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Economics Subject Guide

CARSS Evaluating For Academic Resources

Evaluating Online Resources

Evaluating Online Resources - CRAAP

You can't believe everything you read, see, or hear! Use the CRAAP test to evaluate the material you find online for your research so you avoid getting any unfit resources and all the "CRAAP" that is out there.


Currency refers to the timeliness of the information. A lot of information found on the web can be outdated, websites may no longer be maintained or updated. Ask the following questions when looking at a website to know if its CURRENCY is appropriate for you:

  • Is the publication date noted?
  • Is the information/publication date current for your topic? 
  • Has the website been recently updated?
  • Are the links still active and useful?
  • How old is the information being given? Is the information outdated?
  • How old is the information being cited/referenced in the resource compared to the publication date of the source?

Relevancy refers to how the information relates to your topic and whether it is an appropriate academic source. Ask the following questions to find out the RELEVANCY of your resources:

  • Does the information relate to your research topic. Does it answer the questions you are asking?
  • Who is the intended audience? Is it meant for the general public? Children? Academics?
  • Is the level of information appropriate for you?
  • Is this the best resource out there? Have you looked for other sources?


Authority refers to who the author(s) is for your resource. If no author is present, you need to ask who is taking responsibility for this information? Is it an organization, a company, a person, no one? Questions to ask yourself when looking at the AUTHORITY of a website:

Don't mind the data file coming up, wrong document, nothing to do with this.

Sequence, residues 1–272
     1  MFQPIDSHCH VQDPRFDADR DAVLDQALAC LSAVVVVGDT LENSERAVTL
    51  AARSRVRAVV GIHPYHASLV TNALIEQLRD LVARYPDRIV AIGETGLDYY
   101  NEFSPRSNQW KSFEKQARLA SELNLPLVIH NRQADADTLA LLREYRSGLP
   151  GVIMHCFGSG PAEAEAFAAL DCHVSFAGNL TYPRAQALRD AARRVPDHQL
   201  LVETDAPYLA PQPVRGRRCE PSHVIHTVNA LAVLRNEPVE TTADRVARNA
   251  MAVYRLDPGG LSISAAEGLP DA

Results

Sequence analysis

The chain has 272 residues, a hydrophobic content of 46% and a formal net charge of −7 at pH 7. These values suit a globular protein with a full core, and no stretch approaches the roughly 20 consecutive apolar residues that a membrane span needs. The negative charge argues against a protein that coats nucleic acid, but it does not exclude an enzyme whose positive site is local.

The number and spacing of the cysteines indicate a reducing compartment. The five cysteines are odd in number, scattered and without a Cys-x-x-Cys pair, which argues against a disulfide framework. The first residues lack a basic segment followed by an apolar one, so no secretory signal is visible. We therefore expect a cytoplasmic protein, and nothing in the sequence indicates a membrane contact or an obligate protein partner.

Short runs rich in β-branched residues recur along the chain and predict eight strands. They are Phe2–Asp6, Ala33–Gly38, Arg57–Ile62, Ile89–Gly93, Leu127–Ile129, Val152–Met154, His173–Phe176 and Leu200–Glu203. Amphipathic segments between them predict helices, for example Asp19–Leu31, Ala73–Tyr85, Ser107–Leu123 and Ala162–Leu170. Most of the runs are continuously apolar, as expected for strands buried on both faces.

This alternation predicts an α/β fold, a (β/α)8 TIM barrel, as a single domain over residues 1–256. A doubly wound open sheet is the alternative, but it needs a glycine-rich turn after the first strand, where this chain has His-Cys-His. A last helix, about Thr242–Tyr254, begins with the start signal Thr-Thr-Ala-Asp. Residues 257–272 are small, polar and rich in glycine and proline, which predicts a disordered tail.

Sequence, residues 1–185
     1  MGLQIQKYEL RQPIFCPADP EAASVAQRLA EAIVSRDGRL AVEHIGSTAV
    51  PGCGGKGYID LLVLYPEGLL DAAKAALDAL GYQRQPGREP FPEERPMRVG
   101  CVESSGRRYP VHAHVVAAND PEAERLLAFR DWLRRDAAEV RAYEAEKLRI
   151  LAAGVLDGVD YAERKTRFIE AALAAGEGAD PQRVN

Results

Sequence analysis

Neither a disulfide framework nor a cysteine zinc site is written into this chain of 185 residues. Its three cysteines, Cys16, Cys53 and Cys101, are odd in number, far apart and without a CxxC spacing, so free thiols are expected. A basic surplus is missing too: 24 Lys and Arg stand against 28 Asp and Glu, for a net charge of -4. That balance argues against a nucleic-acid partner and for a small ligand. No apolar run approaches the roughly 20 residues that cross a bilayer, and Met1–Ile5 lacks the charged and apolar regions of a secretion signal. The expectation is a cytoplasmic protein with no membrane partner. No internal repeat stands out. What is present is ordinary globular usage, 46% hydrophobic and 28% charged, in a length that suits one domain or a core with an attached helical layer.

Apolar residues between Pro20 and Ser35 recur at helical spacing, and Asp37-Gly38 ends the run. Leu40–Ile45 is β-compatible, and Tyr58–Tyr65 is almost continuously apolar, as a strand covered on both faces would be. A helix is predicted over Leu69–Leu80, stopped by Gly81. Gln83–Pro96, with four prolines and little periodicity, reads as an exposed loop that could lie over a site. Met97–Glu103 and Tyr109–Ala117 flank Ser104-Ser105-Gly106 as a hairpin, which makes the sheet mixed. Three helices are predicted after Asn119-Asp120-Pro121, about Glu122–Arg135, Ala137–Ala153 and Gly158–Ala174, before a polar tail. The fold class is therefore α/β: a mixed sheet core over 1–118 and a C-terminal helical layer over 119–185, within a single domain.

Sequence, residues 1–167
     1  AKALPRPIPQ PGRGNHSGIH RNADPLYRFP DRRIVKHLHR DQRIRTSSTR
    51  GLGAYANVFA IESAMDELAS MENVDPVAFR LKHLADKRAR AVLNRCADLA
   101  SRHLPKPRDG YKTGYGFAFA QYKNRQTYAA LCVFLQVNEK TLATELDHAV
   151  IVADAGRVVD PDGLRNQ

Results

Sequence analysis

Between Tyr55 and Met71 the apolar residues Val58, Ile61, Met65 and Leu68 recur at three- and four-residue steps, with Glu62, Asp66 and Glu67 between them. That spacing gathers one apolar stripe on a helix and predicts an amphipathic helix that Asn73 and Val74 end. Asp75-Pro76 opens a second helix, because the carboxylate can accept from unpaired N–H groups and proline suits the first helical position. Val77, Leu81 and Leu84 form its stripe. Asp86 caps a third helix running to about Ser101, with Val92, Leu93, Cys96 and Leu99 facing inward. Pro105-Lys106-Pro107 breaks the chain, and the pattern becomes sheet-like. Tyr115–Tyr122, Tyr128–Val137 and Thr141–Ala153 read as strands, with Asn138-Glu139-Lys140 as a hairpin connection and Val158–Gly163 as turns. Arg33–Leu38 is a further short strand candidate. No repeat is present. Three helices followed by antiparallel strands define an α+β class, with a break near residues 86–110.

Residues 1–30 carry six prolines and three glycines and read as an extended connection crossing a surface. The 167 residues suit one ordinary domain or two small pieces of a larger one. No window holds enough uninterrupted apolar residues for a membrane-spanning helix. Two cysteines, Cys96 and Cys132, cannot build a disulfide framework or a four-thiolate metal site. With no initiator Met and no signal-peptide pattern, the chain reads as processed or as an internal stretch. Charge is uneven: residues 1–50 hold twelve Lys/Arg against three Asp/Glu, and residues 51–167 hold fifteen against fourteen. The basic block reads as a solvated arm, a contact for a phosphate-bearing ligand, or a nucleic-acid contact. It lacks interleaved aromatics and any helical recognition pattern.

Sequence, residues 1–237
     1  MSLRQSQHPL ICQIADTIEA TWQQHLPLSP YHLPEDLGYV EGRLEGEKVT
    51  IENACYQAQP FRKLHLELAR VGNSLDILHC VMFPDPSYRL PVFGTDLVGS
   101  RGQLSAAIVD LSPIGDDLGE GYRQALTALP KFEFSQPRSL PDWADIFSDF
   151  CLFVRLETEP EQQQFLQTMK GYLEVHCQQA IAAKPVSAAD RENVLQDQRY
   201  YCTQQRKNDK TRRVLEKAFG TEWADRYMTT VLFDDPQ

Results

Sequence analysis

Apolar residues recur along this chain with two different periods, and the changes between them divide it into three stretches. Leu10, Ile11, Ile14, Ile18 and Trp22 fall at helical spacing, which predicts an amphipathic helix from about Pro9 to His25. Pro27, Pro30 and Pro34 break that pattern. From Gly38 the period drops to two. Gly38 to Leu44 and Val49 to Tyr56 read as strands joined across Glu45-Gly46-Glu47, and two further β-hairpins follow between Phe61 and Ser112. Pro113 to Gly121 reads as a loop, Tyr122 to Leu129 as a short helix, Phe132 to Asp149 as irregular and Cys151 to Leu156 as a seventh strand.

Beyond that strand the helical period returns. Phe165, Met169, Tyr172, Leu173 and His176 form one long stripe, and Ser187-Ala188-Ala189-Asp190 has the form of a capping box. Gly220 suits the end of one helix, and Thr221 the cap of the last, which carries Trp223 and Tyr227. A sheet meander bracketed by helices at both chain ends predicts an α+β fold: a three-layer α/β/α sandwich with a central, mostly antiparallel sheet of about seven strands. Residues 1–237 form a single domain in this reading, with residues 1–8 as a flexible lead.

• Who is the author and what are their credentials? (Credentials = Are they an expert who works within the field OR an individual with a PhD or higher education on the subject OR are they an academic with affiliations to reputable institutions?)
  • Are there any organizational affiliations that may create bias?
  • Look at the domain name what does it tell you?
      .ca - Canadian based website  OR – Canadian federal government site – British Columbia provincial government site
      .gov – U.S. government site
      .edu – U.S. educational institution
      .com/.net/.org – no longer serve any distinction, anyone can get any of them for a fee.


Accuracy is whether or not you can ensure that the information presented is accurate and neutral. Questions to ask yourself when looking at ACCURACY:

  • Can you tell where the information comes from? Are resources cited? What type of resources are cited?
  • Is the information factual and can it be verified?
  • Are there grammatical errors or typos?
  • Has the source been reviewed by experts in the field?
  • Is it biased? Does the writer have a calm tone?
  • Does other material that you have found for your research support their claims?


Purpose is why the website has been created, why are they providing this information freely online. Questions to ask yourself when looking for the PURPOSE are:

  • Who is the intended audience? General public, children, academics etc.
  • Why was the site created? For education, informational, to persuade or sell something?
  • Is it fact, opinion, or propaganda?
  • Is the purpose/mission/goals clearly stated on the site?
  • Are there advertisements? If so why are they there and what are they selling?
  • Is the information presented impartial and objective?


British Columbia


U.S.A and International